I recently podcasted that specific challenges provide motivation for working out–especially when the will to workout is waning.
I’m there. The will is waning.
My weight-loss routine is now 6 weeks old. It’s working–which is wonderful news. My belts are looser. I can physically see a difference. It’s almost enough to make me want to rest in knowing that I’ve accomplished something. BUT, resting now would make for a pretty boring podcast… and a kind of boring life. I set out to lose weight in order to improve my agility and eventually dunk a basketball. I’ve still got a long way to go… so I need a re-up on motivation.
Enter: a challenge.
A challenge can be motivating because it’s a short-term, readily achievable goal. My long-term goal is to lose 25 pounds–which, according the plan I’m working, should take about 3 months. That’s a long time to maintain motivation. A short-term challenge provides a renewed goal that is achievable more immediately. In a sense, it provides a marker on the longer journey.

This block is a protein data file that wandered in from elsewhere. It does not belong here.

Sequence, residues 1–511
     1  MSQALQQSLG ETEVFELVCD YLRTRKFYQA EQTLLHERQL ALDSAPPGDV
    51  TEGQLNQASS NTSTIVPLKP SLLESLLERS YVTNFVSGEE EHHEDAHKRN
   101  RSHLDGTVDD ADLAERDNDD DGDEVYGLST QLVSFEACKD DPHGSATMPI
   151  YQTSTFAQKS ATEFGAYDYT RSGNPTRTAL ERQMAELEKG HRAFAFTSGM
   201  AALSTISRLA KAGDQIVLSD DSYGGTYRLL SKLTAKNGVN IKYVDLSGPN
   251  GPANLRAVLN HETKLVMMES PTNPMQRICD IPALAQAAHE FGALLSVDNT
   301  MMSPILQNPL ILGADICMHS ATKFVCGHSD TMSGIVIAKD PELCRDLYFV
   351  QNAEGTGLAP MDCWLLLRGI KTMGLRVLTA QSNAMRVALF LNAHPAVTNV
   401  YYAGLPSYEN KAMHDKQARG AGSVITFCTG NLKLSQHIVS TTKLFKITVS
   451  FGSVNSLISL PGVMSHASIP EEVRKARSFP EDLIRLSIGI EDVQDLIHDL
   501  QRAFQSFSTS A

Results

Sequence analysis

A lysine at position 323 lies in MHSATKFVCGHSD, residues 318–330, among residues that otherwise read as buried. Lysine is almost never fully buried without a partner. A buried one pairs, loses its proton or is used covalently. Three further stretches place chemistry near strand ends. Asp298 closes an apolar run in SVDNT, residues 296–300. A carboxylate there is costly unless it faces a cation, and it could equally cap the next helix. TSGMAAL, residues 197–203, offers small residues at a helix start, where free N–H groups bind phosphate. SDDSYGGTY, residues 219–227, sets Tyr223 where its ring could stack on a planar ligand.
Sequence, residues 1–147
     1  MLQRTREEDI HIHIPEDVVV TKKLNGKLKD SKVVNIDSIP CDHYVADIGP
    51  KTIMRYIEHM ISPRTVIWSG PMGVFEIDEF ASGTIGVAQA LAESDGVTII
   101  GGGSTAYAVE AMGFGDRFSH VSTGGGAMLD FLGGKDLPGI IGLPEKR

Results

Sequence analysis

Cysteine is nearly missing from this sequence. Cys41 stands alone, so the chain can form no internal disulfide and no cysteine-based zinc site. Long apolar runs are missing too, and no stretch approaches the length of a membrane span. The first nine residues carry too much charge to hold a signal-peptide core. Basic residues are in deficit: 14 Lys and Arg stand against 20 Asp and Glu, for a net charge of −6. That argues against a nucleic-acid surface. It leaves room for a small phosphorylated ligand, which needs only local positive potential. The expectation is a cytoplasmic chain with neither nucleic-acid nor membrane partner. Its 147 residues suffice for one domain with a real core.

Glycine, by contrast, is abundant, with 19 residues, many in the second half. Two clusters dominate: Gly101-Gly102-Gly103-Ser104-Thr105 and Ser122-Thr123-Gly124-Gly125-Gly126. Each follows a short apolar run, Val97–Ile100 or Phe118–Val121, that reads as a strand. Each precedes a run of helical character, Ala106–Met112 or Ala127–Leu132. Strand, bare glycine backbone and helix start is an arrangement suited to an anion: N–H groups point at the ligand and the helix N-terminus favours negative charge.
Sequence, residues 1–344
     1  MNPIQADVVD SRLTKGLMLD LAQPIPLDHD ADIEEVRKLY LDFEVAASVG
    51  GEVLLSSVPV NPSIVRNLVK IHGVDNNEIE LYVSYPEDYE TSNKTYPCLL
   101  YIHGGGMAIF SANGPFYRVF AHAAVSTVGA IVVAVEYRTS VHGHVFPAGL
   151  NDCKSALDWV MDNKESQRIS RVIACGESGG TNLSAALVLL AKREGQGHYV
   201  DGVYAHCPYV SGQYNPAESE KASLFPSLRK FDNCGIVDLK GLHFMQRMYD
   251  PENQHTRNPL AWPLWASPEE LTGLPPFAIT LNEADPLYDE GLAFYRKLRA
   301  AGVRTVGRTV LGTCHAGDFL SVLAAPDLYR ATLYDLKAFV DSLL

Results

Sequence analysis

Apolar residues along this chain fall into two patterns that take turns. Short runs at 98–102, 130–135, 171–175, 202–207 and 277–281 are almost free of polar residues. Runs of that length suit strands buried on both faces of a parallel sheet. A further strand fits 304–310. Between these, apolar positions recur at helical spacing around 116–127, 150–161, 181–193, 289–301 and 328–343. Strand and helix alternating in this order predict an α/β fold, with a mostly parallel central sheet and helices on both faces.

I need a challenge… and I’ve accepted one.
There are a lot of physical challenges floating around social media and the web, for sure. Some trending challenges include:
I want a challenge that will build on my longer-term goal–which is to lose weight. My simple weight-loss plan is to consume 500-1000 fewer calories per day than I expend. So I want to burn up calories to keep working towards my long-term goal. For me, running offers the most bang for my calorie-burning buck. So it’s expedient to base my challenge in running.
So here’s what I’ve devised: I’m going to log 150 miles of running within the next 30 days. The challenge is based on the simple idea that I can realistically run an average of 5 miles per day. I know I’m capable of running more, but I wanted to build in a slight cushion for days missed–when I want to lift instead of run… or just need a day off. Thereby, some days I’ll run 10 miles, some days 5… and so on.
150 miles is certainly achievable, but it’s a lofty enough goal to really supply a challenge and make me a bit uncomfortable. Which I guess is the true boon of a challenge–it causes a discomfort that moves us from our complacency. Discomfort can be good.
Is there some place you’ve settled into comfort and complacency that could use a challenge?